|Previous||1 of 7||Next|
small (250x250 max)
medium (500x500 max)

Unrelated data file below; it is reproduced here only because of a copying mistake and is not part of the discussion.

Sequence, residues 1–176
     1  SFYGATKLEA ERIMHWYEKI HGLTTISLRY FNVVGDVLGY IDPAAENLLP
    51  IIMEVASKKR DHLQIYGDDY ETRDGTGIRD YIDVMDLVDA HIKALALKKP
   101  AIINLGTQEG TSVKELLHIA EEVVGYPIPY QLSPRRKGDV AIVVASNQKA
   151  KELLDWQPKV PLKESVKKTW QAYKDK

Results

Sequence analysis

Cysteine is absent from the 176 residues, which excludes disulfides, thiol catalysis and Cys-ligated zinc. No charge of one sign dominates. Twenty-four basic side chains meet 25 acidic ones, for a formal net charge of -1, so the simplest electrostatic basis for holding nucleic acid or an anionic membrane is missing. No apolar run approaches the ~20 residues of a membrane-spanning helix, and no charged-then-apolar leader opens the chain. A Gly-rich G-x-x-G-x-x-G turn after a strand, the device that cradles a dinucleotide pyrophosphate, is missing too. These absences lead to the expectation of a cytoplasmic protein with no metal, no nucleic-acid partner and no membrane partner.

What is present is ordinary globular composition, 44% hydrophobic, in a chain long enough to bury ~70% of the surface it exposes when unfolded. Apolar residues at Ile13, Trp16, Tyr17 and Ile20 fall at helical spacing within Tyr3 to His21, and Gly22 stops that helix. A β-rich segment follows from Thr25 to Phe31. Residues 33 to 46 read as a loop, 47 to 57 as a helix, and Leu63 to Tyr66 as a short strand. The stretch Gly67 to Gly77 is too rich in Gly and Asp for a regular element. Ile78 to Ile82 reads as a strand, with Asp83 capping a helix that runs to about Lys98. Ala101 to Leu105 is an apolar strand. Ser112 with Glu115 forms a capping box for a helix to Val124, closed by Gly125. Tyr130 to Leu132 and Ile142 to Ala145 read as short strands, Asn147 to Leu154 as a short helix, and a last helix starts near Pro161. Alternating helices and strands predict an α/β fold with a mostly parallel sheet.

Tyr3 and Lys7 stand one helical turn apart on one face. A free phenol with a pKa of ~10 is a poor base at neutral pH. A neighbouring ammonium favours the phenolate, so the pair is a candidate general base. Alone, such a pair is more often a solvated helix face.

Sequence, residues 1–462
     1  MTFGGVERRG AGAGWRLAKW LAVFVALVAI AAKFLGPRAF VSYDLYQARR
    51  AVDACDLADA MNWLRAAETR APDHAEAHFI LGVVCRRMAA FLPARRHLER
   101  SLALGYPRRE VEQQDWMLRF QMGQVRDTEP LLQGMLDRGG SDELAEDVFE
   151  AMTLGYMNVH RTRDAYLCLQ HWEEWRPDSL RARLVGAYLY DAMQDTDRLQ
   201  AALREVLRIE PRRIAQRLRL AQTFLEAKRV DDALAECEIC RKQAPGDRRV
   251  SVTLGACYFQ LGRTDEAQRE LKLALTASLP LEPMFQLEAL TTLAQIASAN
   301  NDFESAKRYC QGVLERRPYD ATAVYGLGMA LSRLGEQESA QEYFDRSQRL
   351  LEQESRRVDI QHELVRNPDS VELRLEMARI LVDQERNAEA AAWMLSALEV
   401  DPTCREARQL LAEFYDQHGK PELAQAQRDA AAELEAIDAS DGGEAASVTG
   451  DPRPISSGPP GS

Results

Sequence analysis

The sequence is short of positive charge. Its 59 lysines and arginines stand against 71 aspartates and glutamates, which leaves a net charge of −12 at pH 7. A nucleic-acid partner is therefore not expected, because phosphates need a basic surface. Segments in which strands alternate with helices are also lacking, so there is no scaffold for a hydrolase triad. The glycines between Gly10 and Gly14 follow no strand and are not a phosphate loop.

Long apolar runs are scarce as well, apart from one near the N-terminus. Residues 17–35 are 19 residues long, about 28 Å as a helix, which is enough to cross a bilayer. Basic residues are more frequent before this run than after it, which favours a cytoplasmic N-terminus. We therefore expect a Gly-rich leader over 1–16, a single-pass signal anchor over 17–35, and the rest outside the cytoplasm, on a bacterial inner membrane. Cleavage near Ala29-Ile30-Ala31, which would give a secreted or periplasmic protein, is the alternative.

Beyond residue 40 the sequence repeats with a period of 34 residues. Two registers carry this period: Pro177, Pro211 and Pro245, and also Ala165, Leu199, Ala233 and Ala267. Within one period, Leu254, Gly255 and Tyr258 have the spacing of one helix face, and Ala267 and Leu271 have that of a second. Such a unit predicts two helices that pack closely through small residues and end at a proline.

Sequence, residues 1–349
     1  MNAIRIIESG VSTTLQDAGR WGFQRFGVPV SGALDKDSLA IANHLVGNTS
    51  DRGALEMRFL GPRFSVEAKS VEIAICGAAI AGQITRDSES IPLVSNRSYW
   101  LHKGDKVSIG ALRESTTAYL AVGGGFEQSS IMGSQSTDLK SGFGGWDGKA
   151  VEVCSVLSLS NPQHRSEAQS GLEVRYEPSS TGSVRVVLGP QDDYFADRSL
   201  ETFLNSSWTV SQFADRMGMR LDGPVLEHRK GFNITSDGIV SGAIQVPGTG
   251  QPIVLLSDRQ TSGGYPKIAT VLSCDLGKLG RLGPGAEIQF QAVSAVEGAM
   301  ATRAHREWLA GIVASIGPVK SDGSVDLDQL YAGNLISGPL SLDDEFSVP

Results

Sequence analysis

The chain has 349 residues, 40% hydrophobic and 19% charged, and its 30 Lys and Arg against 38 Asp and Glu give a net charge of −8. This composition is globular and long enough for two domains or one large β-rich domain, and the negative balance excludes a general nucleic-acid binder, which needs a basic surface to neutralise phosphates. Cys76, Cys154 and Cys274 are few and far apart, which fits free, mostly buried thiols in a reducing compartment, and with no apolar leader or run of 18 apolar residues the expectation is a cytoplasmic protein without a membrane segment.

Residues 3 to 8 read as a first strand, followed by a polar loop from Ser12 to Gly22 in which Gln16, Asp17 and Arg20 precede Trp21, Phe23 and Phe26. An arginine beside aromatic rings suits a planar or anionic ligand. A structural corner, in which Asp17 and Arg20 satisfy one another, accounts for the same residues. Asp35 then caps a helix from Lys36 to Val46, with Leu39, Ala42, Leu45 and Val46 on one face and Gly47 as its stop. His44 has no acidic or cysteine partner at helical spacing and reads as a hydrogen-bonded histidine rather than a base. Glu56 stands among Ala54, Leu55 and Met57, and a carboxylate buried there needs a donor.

large ( > 500x500)
Loading content ...